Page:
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Posts Tagged ‘witch hazel ozarks january 2012 boston mountains’

It is a welcome sign of spring and they will become more predominate as we get into February. Common in yellow and red-orange and red at times. A welcome sign in the Boston Mountains.

The witch-hazels are deciduous shrubs or (rarely) small trees growing to 3–8 metres (9.8–26 ft) tall, rarely to 12 metres (39 ft) tall. Theleaves are alternately arranged, oval, 4–16 centimetres (1.6–6.3 in) long and 3–11 centimetres (1.2–4.3 in) broad, with a smooth or wavy margin. The horticultural name means “together with fruit”; its fruit, flowers, and next year’s leaf buds all appear on the branch simultaneously, a rarity among trees. H. virginiana flowers in the fall of the year. The flowers of the other species are produced on the leafless stems in winter. Each flower has four slender strap-shaped petals 1–2 centimetres (0.39–0.79 in) long, pale to dark yellow, orange, or red.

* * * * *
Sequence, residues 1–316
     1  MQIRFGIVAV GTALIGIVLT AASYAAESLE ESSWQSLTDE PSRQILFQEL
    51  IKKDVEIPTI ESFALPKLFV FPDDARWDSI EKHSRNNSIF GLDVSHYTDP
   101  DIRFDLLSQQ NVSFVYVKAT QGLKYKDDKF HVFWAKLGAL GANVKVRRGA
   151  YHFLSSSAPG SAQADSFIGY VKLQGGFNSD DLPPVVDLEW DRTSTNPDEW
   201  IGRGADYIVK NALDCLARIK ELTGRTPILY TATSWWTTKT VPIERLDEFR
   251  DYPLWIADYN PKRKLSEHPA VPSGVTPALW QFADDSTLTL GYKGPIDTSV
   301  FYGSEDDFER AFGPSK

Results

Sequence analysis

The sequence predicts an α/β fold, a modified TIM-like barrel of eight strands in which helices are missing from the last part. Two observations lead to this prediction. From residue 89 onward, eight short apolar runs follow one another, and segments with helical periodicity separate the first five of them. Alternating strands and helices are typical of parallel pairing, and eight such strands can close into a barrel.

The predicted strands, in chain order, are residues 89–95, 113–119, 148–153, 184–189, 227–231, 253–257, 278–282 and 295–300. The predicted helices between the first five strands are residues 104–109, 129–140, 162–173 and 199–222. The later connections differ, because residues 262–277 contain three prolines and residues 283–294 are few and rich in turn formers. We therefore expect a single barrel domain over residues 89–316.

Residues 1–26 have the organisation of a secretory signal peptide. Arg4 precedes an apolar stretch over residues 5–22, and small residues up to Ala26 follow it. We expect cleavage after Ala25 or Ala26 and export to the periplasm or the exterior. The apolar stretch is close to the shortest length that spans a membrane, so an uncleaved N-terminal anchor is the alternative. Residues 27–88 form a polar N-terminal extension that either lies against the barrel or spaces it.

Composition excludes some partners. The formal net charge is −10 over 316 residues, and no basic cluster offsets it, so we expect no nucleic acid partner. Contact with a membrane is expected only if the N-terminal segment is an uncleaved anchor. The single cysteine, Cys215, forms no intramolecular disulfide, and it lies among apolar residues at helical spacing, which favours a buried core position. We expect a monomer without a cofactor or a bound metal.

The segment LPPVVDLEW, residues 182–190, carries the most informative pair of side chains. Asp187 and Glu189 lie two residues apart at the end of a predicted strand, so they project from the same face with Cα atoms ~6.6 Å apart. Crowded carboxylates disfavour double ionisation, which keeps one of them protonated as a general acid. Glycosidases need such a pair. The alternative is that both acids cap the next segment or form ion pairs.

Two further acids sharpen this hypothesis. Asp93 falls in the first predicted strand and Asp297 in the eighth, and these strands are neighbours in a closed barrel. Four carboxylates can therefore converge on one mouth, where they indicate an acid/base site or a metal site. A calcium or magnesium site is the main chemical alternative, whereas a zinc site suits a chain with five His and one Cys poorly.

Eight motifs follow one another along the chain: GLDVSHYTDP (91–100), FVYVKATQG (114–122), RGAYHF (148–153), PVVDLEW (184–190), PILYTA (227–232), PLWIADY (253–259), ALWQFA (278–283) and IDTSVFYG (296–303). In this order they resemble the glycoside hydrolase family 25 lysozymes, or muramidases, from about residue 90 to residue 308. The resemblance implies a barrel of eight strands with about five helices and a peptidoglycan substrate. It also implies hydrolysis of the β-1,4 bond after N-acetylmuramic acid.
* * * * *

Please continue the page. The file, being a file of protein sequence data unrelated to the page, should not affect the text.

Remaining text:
The fruit is a two-part capsule 1 centimetre (0.39 in) long, containing a single 5 millimetres (0.20 in) glossy black seed in each of the two parts; the capsule splits explosively at maturity in the autumn about 8 months after flowering, ejecting the seeds with sufficient force to fly for distances of up to 10 metres (33 ft), thus another alternative name “Snapping Hazel”.

Native Americans produced witch hazel extract by boiling the stems of the shrub and condensing the steam to produce a distillate. They used the distillate to treat sore muscles, cuts, insect bites, and other inflammations and tumors. Early Puritan settlers in New England adopted this remedy from the natives, and its use became widely established in the United States.

Witch Hazel in an orange form

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